Jesuit works make a stand on Red Wednesday
Wednesday 28th November is ‘Red Wednesday’, a day to show solidarity with our Christian brothers and sisters suffering persecution throughout the world. Aid to the Church in Need invites everyone to join the campaign by doing something peaceful and positive: unite in prayer, wear red, light the church in red, organise activities or attend themed events already in place – which could be easily searched through a map on the organisation’s website.
Several Jesuit works make a stand on this day, to highlight the injustices and discrimination suffered by Christians, which often go unnoticed.
Manchester’s Holy Name Church on Oxford Road in the heart of the Universities Quarter had its entrance and interior lit in red, joining other iconic buildings around the world such as the Palace of Westminster/the Houses of Parliament, the Colosseum, the Eiffel Tower, Westminster Cathedral and Westminster Abbey.
The Holy Name is the Universities' Catholic Church, serving the Catholic Chaplaincy - hub of a thriving community of students where prayer, reflection and social outreach go hand in hand. The Chaplaincy houses the Central Manchester Foodbank and the office of Greater Manchester Citizens, and students also run a winter night shelter in cooperation with the Boaz Trust.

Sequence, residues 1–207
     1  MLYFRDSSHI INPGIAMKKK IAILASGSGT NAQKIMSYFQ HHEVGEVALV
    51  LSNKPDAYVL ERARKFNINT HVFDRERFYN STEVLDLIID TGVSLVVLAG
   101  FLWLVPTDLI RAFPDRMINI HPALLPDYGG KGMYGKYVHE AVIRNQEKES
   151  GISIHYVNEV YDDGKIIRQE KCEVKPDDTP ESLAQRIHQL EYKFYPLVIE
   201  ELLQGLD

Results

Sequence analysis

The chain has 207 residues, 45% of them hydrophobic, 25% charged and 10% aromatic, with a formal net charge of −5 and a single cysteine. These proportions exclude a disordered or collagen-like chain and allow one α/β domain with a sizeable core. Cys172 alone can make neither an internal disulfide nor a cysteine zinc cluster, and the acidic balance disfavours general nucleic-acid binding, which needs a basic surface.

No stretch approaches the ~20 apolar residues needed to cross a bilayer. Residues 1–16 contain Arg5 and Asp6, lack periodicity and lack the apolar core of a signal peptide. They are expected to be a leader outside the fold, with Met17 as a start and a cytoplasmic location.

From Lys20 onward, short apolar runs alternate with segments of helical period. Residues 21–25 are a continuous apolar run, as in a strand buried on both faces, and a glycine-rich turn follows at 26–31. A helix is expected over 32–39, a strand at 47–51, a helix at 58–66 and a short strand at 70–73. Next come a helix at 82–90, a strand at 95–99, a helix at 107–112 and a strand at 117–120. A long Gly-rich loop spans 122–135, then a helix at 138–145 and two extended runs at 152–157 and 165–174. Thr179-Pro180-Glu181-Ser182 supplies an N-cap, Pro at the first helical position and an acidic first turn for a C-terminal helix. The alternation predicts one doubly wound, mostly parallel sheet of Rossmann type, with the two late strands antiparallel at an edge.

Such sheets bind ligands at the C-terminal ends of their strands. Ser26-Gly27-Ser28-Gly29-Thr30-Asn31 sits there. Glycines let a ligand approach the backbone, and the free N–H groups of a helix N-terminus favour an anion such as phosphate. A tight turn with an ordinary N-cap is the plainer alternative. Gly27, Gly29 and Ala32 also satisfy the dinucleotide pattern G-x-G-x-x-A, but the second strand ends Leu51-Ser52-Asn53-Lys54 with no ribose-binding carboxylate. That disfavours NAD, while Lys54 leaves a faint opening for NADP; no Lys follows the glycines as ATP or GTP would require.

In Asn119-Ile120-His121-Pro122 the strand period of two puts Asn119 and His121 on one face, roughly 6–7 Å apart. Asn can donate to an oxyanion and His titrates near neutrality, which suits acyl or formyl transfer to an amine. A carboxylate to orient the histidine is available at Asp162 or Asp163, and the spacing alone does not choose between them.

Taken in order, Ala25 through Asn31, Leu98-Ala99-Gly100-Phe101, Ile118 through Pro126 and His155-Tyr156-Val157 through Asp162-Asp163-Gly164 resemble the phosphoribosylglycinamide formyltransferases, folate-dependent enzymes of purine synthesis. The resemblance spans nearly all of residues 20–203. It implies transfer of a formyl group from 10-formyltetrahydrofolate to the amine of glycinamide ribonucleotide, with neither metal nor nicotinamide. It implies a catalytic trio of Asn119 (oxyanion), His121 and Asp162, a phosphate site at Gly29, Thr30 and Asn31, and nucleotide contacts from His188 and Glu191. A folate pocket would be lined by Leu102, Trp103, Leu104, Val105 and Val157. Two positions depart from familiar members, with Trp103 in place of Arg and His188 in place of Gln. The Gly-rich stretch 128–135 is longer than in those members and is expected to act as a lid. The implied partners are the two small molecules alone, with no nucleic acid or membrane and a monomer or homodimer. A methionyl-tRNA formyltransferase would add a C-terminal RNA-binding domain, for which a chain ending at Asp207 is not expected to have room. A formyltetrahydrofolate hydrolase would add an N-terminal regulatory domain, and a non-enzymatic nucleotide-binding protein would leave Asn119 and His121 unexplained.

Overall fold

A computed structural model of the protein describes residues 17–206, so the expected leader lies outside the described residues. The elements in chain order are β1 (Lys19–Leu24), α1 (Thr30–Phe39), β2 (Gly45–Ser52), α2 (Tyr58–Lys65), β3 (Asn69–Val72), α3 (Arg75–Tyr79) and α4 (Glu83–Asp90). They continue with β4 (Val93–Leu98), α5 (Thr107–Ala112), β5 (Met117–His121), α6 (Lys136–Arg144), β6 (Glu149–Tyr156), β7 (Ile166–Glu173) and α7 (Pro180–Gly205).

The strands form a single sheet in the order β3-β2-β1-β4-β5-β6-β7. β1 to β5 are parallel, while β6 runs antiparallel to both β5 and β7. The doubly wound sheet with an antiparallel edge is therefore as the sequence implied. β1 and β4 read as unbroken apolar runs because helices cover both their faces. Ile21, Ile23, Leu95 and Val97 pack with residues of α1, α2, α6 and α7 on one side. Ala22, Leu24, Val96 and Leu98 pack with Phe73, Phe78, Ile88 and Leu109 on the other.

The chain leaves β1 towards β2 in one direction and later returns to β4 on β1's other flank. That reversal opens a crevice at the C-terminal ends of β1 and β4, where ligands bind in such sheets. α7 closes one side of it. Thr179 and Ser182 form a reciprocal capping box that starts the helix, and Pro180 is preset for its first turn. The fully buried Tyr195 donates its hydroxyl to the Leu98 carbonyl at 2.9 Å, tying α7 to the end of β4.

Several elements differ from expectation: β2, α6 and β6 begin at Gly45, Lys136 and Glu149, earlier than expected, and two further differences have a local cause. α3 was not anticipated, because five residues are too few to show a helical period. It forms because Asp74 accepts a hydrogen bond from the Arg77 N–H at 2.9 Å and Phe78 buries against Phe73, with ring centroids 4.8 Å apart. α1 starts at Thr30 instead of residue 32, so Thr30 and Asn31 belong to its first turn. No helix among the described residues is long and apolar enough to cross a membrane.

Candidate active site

“Red Wednesday honours those who have suffered because of their religion, and invites us to stand in solidarity with millions of people targeted for their beliefs and living in fear” said Brendan Callaghan SJ, Superior of the Manchester Jesuit community. “Students will be keeping a vigil for faith and freedom outside the church through the evening, inviting anyone who wishes to come into the church to say a prayer and to light a candle.”
At 6.00pm Bishop John Arnold, the Bishop of Salford, will preside at a Mass for persecuted Christians in the Church of the Holy Name.
‘Will you show your support for the Suffering Church?’ reads the ACN UK’s webpage for the campaign, prompting visitors to spread the word by using social media with the related hashtag #RedWednesday. And so Stonyhurst College and St Mary’s Hall did. Pupils and staff showed solidarity with all those around the world unable to practice their faith freely by wearing red and organising an evening reflection.
In London, the Mount Street façade of the church of the Immaculate Conception has been illuminated red during the days leading up to this Wednesday. The parishioners have also been invited to join the vigil procession, from Parliament Square to Westminster Cathedral Piazza. The programme for the evening included a live link to Aleppo, Syria, from the Piazza.
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